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As 2021 comes to a close, we thought it might be a good idea to look back at the BitSight research published this year. We investigated a variety of topics including ransomware, vulnerability mitigation, and RSA key generation flaws. We also studied specific vulnerabilities in Microsoft Exchange Server, Apache Server 2.4, and Apache Log4j.
Additionally, an independent study conducted by academic researchers from Vanderbilt University and the University of Central Florida found that hospitals with low BitSight Security Ratings (scores of 400 or lower) were associated with significant risk of a data breach.
Finally, we announced a landmark partnership with Moody’s Investor Services and the first Moody’s report featuring BitSight data was released. Below you’ll find a roundup of recent BitSight research:
Ransomware: The Evolving Trend
BitSight’s research team analyzed hundreds of successful ransomware attacks to estimate the relative probability that an organization will experience a ransomware event. The analysis looked back over five six-month periods benchmarked against companies with a high BitSight Security Rating (750+) for security effectiveness.
Download our eBook for the full results of our research.
BitSight Apache Risk Analysis Highlights Need To Address CISA “Known Vulnerabilities”
BitSight conducted research on CVE-2021-41773 and CVE-2021-42013, two of the vulnerabilities in the CISA Binding Operational Directive (BOD) 22-01. These vulnerabilities highlight the importance of an effective software update and patch management strategy as well as the need for third-party risk management.
Check out our blog to learn more about our findings.
BitSight Observations Into the HAFNIUM Attacks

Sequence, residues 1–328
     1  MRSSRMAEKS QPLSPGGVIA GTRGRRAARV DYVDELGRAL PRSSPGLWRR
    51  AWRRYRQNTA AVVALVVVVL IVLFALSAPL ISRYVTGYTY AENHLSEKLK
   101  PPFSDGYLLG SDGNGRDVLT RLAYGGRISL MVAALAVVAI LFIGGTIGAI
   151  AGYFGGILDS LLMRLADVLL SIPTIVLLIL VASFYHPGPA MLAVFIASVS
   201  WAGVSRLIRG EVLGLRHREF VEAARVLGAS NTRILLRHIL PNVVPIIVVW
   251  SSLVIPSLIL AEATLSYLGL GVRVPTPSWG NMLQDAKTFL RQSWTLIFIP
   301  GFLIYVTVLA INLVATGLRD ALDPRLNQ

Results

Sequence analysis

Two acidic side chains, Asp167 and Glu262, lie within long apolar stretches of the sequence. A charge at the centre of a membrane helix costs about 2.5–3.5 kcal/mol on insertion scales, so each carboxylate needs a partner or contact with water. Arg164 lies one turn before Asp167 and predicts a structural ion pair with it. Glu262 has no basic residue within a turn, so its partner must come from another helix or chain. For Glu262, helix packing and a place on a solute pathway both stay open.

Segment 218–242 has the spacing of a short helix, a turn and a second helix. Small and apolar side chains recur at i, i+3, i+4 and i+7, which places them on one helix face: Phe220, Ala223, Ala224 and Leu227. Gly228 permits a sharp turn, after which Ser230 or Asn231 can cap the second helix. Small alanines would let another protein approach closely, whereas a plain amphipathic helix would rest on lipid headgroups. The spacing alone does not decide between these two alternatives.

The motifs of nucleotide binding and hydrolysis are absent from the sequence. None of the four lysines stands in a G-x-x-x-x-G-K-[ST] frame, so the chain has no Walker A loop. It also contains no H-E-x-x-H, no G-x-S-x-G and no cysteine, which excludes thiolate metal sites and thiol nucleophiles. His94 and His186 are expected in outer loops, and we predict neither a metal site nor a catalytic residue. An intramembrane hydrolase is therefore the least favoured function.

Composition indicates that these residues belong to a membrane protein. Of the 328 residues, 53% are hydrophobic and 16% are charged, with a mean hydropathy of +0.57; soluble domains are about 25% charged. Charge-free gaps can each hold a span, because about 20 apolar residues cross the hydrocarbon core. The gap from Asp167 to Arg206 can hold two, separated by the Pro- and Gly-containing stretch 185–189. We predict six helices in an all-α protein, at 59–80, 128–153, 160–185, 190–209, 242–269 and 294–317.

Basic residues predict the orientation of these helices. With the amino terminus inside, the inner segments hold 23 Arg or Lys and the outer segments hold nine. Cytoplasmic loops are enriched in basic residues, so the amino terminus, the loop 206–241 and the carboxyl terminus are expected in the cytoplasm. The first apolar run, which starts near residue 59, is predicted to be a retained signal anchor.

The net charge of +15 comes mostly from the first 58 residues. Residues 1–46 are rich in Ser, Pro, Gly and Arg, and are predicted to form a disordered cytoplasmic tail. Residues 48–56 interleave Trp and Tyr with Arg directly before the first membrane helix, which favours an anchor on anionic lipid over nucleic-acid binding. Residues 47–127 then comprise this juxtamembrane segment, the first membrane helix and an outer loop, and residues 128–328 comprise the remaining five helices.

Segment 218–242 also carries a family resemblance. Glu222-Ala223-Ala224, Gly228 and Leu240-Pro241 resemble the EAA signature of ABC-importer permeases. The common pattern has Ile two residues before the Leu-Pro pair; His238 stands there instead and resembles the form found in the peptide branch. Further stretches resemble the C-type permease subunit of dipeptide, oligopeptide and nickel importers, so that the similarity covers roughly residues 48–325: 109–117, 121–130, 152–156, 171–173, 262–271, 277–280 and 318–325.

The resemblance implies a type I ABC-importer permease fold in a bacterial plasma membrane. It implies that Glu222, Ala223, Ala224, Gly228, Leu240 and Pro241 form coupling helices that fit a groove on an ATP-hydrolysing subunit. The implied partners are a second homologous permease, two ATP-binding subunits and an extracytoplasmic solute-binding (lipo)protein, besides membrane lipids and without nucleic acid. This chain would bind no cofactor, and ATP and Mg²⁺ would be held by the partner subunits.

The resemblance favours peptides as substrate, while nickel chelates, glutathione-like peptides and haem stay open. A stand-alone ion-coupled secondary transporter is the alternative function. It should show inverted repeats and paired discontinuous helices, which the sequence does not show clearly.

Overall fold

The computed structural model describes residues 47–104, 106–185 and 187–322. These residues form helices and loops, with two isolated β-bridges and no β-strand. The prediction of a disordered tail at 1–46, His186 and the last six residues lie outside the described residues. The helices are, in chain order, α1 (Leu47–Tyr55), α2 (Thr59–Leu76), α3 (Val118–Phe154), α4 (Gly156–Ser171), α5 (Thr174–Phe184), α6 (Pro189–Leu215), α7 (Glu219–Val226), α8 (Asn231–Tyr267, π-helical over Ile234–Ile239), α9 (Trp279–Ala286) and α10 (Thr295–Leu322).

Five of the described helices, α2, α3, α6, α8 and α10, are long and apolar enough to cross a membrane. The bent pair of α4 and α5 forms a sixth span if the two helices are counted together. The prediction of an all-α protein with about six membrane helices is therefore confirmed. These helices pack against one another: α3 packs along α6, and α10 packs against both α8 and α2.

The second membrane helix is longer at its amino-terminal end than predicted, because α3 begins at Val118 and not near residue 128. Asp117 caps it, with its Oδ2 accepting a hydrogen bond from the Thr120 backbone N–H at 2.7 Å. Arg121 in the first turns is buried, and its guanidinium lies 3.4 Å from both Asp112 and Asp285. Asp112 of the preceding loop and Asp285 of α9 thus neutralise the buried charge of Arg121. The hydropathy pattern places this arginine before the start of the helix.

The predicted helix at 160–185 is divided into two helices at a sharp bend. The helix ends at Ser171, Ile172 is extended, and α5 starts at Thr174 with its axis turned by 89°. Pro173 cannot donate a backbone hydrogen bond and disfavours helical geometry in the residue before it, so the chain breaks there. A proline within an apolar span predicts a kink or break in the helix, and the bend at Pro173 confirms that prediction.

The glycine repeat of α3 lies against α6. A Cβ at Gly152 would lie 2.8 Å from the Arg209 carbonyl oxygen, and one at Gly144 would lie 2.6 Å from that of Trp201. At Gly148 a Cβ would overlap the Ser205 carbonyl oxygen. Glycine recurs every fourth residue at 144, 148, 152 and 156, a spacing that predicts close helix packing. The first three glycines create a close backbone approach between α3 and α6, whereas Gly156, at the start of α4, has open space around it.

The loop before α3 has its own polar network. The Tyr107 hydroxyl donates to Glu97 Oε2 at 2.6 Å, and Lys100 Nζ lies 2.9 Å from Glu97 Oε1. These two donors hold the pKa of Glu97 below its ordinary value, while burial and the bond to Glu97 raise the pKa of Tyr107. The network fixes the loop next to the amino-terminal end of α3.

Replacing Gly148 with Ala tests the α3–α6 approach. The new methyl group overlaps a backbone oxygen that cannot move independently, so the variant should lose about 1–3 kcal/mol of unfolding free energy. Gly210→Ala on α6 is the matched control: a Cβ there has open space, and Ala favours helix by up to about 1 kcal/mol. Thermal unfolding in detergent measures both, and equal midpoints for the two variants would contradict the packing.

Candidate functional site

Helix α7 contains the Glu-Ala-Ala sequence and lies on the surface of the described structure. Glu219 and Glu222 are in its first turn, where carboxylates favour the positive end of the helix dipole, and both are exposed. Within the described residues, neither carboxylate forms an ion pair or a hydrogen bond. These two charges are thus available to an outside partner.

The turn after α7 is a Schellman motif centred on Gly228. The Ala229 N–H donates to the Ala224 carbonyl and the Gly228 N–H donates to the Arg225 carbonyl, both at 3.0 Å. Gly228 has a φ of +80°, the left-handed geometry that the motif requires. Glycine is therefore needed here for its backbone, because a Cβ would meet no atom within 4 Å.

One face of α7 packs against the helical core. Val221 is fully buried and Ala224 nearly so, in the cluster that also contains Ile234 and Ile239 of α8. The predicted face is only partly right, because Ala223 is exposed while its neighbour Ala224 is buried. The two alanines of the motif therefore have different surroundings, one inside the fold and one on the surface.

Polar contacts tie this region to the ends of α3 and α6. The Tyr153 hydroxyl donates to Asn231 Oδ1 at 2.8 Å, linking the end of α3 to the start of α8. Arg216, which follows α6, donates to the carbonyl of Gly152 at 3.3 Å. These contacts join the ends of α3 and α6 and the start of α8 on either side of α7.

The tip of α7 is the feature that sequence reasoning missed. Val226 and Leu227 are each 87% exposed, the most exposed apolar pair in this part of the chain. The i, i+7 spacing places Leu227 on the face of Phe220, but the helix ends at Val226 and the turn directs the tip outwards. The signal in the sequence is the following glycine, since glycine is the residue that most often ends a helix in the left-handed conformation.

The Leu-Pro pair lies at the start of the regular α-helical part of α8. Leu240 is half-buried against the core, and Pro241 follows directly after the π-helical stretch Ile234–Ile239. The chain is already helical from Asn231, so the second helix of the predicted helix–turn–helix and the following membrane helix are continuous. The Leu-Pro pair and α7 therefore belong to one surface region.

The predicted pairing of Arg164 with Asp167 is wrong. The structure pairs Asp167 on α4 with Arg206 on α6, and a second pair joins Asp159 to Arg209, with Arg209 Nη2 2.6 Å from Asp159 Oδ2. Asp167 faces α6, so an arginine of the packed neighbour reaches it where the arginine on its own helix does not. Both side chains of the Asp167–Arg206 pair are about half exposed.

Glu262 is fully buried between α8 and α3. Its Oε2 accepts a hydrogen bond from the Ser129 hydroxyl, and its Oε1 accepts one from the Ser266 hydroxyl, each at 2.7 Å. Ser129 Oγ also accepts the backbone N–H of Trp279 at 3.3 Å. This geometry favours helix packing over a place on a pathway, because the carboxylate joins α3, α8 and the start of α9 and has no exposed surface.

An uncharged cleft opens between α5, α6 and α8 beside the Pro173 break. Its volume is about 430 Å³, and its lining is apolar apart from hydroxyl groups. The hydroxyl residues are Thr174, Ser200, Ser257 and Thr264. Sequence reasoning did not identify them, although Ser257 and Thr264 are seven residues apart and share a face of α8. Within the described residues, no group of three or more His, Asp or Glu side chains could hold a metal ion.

Shortly after Microsoft announced that multiple zero-day exploits were being used to attack on-premises versions of Microsoft Exchange Server, BitSight observed at least 30,000 global organizations potentially vulnerable to exploitation. We examined the prevalence of organizations running Microsoft Exchange Server by sector, country, and entity to better understand the scale of the attack. To learn more, check out our four-part blog series:
- Part One: BitSight Observations Into the HAFNIUM Attacks
- Part Two: Despite Warnings, Many Exchange Servers Remain Unpatched
- Part Three: Thousands of Organizations Successfully Exploited
- Part Four: Who Is Still Vulnerable?
The Impact of Flawed Pseudorandom Number Generators in Network Devices
BitSight found that the prevalence of devices with vulnerable pseudorandom number generators has been declining in recent years. However, organizations that lack security controls to prevent the inadvertent exposure of unmanaged network assets to the public Internet remain at risk.
For more, check out this article.
Independent Study Finds Hospitals With Low BitSight Ratings Have Greater Breach Risk
This study, which was conducted by academic researchers from Vanderbilt University and the University of Central Florida using BitSight data, found that hospitals with low BitSight Security Ratings (scores of 400 or lower) were associated with significant risk of a data breach.
Check out our blog for the full results of this study.
Moody's: Cyber Risk Quantification Is Credit Positive
Moody’s believes that organizations will increasingly adopt cyber risk quantification (CRQ) to prioritize security initiatives. The use of CRQ practices is credit positive, according to Moody’s, allowing issuers to more accurately allocate resources to defend against cyber incidents and improve resilience.
To learn more, read our blog.